Make Friends With Tasmanian Devils At Tasmanian Devil Unzoo


Designed around the concept of allowing human visitors to experience personal, memorable encounters with wildlife and nature, Tasmanian Devil Unzoo takes the traditional zoo experience and flips it on its head. Cages are removed or hidden and we humans are encouraged to rethink how we approach our place in nature by stepping into the animals’ habitats. This “zoo” is a four-in-one experience that combines up-close animal encounters with a Tasmanian native garden, an original art gallery and countless wildlife adventures. Tasmanian Devil Unzoo is the first park of its kind internationally and a lot of the work it does goes towards saving the endangered Tasmanian Devil. 

Marvel At The Beauty Of The Bay Of Fires

North-Eastern Tasmania

Stretching 50 kilometres along the east coast of Tasmania, the Bay of Fires is often regarded as one of the most beautiful places in Australia and we couldn’t agree more. Start your journey at Binalong Bay, located at the southern end of the bay, and then take your pick of the myriad activities to choose from. The Bay of Fires offers everything from hiking to game fishing to swimming in the clearest ocean we ever did see. Named for its stunning rusty-red rock landscapes and white sand beaches, the Bay of Fires is an non-negotiable must-see on your Tasmanian adventure. 

a person on a bike sits on the edge of the bay of fires

Go On A Ghost Tour At Port Arthur

Port Arthur

The Port Arthur Historic Site, located about 90 minutes away from Hobart, is the best place in Tasmania to learn about Australia’s origin as merry old England’s prison island. In 1833, Port Arthur became a punishment station for repeat offenders—or basically the worst offenders in the country. Now, you can wander around the grounds, have a look at the British Empire’s first juvenile prison or the horror-inducing silent prison, or take part in a chilling ghost tour as the sun sets. Yup, you could be hunting for things that go bump in the night, by lantern light, in a 184-year-old prison system and asylum. 

Walk Amongst The World’s Tallest Trees

Arve & Huon Valleys

If there’s one thing you can say about us, it’s that we love a good ancient tree. The aptly-named Arve Big Tree, located only ten kilometres from nearby Geeveston along a sealed road, is a whopping 87-metre-tall eucalyptus tree that looks like it walked straight off the set of Avatar and set up camp in Tasmania. The tree itself is gorgeous, with a surface that blends cream and light green smooth bark, and has survived both logging and the 1967 fires that swept through the area and destroyed many similar aged trees.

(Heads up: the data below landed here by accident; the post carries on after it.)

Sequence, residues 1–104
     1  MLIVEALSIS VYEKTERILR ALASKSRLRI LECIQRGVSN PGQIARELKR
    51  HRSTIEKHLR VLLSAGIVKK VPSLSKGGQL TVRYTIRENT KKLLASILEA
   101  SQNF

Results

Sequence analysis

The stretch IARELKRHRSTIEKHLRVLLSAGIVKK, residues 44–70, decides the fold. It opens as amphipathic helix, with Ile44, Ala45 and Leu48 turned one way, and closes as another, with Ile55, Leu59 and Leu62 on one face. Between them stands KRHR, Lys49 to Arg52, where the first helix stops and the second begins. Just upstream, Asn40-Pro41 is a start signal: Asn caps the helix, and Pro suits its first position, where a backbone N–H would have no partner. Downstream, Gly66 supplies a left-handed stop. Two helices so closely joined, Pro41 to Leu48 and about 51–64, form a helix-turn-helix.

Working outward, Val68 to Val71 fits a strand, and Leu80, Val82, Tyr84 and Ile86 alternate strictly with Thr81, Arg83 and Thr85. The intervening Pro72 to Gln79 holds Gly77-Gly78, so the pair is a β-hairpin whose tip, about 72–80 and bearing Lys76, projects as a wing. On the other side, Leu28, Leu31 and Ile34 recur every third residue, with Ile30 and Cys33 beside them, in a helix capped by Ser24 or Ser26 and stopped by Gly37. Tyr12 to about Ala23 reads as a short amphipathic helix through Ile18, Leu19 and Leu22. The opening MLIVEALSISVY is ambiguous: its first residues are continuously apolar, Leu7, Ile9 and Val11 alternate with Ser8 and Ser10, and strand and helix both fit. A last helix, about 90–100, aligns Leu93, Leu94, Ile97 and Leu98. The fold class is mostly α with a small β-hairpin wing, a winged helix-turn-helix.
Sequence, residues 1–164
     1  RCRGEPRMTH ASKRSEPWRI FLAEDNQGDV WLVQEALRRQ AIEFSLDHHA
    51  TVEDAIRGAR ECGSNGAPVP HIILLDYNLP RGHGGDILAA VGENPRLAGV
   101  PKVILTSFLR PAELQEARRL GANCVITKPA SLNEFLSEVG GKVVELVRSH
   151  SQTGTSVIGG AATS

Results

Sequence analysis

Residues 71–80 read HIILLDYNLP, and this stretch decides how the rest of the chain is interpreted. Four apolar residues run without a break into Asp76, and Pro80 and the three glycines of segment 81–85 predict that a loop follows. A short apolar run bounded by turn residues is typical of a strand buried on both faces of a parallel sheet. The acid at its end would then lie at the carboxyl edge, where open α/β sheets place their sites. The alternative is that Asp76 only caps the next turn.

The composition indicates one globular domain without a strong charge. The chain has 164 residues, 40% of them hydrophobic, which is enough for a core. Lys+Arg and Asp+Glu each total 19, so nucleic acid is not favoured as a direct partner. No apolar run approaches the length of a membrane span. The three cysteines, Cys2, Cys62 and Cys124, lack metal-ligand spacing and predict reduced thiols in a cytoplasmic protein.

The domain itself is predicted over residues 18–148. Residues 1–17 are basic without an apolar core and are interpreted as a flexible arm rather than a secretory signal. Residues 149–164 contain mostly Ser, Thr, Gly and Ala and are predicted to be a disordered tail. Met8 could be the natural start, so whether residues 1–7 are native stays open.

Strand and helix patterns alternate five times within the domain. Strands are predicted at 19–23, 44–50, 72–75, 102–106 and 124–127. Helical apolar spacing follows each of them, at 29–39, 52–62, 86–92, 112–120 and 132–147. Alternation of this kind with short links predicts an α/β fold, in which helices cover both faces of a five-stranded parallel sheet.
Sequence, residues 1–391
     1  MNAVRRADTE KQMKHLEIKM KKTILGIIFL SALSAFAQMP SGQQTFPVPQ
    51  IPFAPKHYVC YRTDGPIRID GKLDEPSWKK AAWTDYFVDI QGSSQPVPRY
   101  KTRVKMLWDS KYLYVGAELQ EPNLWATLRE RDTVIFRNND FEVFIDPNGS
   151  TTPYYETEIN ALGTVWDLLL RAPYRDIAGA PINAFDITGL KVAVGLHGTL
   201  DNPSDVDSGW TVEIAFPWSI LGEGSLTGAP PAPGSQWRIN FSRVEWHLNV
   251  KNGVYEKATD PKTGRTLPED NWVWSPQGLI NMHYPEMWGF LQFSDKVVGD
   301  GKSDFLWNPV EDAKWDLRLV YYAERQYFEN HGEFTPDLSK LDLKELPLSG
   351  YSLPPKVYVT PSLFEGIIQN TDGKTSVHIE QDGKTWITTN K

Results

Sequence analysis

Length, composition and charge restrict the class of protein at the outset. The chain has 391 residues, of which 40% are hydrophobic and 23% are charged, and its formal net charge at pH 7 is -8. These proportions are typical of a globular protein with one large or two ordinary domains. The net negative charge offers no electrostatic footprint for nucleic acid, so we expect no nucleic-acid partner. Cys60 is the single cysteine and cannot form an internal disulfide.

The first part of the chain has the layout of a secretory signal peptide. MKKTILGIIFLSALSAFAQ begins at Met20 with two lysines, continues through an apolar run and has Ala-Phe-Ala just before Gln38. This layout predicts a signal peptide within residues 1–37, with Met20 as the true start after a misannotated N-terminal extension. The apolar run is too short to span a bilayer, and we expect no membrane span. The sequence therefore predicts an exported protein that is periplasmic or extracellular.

Take In Beauty Of Wineglass Bay

Freycinet National Park

One of the most famous locations in the world, Wineglass Bay is top of Tassie visitors bucket list for a reason. Voted one of the top ten beaches in the world, Wineglass Bay boasts an insanely-green sheltered cove and water so blue it looks almost fake. Located in the stunning Freycinet National Park—the summer playground of many a Tasmanian local—Wineglass Bay is only accessible by a steep hike or by kayak, both of which offer incredible views. That means that the beach is far less crowded than more popular beaches, despite its world-famous reputation. Inside tip: book into a luxe accommodation option at the seaside village of Coles Bay before tackling the hike to Wineglass Bay.

Escape To Bruny Island 

Bruny Island

Carve a solid day out of your itinerary to tackle Bruny Island. Accessible via a 20-minute ferry from Kettering (40 minutes from Hobart), Bruny Island comprises two islands connected by a narrow isthmus known as The Neck. Home to lush national parks full of epic hikes, white sand beaches perfect for a picnic and a magical lighthouse, this place is seriously dreamy. Another thing we love about Bruny Island? The fresh produce. You’ll devour the best cheese, wine and oysters in the country (not a typo). Check out our first-timers guide here to plan the perfect day. 

the neck at Bruny Island

Party The Night Away At Dark Mofo


We’re calling it—Dark Mofo is our favourite festival in Australia. The epic dark arts festival see’s Hobart transform into a cultural hub bathed in red light. There’s art installations hidden throughout the city, raves, live music sets and immersive experiences that will blow your damn mind. There’s also long table winter feasts that celebrate Tasmania’s best food and wine in all its glory and a nude sunrise swim. Every year the festival evolves and changes so if you’ve been there before, you absolutely can and must go again. 

Need somewhere to rest your head? Check out the best hotels in Tasmania. 

Image credit: Hayley Williamson, Mohamad Ibrahim/Unsplash, Stu Gibson, Jess Bonde, Luke Tscharke/Tourism Tasmania